How to Decorate Your Home for an Open House
Long gone are the days of simple home selling. Today, the expectations of both home buyers and sellers have changed, although not in the most general sense. Sellers still expect to get the most money for their property, and buyers expect to get the best property for their money. The battleground is often set during the house viewing where these expectations can meet.
To decorate your home for an open house may imply camouflaging any disadvantages. However, there is nothing deceptive here. Every sincerely interested buyer will ask for a home inspection to get acquainted with the state of the house. Home staging is basically visual merchandising. Out of several products of the same or closely the same quality, the buyer will choose the most attractive one. Your job becomes making your home most appealing and memorable to a majority of potential buyers. Think along these lines: try to design a cozy home with modern decor because this is what sells a house today, and for top dollar.
When less is more
Would it surprise you that you might need to remove some home decorations to stage your home for an open house? This trend is tightly connected with the current buyers' demographics. Specifically, millennials are not the only age group out there looking for homes. Younger generations have a growing interest in becoming homeowners soon, and for them, home staging goes through a few adaptations. This often implies a simple, almost minimalistic approach to open house decor. What does this mean in practice?
You become cool when you're not trying to be cool. The same goes for home staging. Your home is staged well when it doesn't look staged. However, certain rules make the essence of every successful open house. They involve:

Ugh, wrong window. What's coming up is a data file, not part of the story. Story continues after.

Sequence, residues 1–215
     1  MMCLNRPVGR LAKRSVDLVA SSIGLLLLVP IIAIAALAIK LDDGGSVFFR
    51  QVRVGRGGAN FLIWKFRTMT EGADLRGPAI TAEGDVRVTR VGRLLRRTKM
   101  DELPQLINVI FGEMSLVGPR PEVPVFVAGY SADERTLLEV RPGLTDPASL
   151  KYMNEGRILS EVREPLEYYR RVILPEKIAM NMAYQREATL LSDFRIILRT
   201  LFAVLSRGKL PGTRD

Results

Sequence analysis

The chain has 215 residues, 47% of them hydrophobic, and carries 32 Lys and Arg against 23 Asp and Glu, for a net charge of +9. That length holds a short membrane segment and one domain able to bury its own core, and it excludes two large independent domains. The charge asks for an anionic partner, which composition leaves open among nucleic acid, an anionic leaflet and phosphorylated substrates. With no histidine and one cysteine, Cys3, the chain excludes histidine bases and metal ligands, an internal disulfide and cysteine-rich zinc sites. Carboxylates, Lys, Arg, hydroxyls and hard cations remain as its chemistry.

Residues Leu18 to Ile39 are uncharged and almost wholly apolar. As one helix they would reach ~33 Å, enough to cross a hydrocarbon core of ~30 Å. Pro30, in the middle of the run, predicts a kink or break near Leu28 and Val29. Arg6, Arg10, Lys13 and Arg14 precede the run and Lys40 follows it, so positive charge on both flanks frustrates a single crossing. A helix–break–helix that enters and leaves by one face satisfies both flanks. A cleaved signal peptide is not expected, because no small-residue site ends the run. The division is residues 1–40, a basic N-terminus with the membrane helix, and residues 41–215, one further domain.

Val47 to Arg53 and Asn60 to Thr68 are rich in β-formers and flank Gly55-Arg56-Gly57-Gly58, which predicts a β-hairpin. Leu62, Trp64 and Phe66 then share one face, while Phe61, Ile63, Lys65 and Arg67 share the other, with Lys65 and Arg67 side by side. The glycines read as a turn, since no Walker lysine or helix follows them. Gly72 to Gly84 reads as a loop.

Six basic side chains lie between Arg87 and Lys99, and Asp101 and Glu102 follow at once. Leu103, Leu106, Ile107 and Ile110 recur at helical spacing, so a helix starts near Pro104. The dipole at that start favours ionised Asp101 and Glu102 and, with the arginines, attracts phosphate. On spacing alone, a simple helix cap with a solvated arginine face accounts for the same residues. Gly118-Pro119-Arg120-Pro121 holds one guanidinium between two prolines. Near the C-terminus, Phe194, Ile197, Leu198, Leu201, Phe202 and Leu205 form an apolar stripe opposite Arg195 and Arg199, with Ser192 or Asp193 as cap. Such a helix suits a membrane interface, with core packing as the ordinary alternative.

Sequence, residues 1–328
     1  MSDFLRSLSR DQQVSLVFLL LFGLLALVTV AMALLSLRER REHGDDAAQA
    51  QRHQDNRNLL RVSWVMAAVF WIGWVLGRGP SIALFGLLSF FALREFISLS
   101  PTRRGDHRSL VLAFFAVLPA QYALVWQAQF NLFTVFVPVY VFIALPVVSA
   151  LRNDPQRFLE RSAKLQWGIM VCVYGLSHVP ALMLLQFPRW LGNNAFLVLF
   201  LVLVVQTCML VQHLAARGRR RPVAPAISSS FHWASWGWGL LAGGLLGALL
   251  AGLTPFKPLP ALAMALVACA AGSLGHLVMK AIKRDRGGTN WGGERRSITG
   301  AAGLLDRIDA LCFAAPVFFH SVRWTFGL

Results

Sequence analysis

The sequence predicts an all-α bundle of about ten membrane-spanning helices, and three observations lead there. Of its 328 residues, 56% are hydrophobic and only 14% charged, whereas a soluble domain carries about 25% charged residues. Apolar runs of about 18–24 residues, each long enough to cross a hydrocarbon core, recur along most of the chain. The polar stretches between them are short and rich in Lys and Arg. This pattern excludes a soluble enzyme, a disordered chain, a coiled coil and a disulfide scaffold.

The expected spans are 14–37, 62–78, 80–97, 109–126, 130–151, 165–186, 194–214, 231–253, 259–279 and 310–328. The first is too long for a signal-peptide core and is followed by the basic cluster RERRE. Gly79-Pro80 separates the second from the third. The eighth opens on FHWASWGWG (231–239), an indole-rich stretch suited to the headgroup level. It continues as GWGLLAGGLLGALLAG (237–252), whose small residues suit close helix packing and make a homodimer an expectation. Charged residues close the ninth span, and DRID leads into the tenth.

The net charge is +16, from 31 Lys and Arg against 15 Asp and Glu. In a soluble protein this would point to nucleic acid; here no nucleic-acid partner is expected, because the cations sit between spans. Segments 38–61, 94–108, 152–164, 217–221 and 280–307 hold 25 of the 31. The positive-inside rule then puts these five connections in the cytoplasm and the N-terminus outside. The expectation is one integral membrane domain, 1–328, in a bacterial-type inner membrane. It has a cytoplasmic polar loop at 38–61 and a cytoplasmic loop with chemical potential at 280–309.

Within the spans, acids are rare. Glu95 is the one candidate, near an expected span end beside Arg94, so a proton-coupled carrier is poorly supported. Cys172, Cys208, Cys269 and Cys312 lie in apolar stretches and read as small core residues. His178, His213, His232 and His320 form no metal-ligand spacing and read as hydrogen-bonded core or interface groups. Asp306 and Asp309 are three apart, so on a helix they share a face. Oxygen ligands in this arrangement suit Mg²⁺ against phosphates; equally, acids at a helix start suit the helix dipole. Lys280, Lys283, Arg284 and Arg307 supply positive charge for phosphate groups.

● Making the house spotlessly clean
● Removing excess furniture
● Storing away personal belongings
● Decorating with measure
The home staging industry is continually changing, but the differences are becoming more evident. As baby boomers retire and millennials crowd the real estate market, it became obvious that priorities have changed. Valuing experiences over the materials used is shifting new homebuyers' focus toward eco-friendly, sustainable, natural, and balanced homes. Oversized homes are deemed wasteful and replaced by those that allow just the right amount of comfort. The -less is more- appeals to home buyers of today, and you should follow the same principle when you decorate your home for an open house.
Cleaning doesn't have an alternative, but the traditional scents do
Decluttering, disposing of excess, and cleaning are priorities. A powerful adage has never been more relevant: a clean room - balanced life. However, the smell of cleaning products doesn't speak to modern-day potential buyers the way it did to their parents. A sparkling clean home is critical for a successful open house, but the appeal of scents has changed. Once, freshly baked cookies were a synonym for a cozy home atmosphere. However, the new demographic isn't looking for a cozy grandma's home but a simple, modern, low-maintenance house.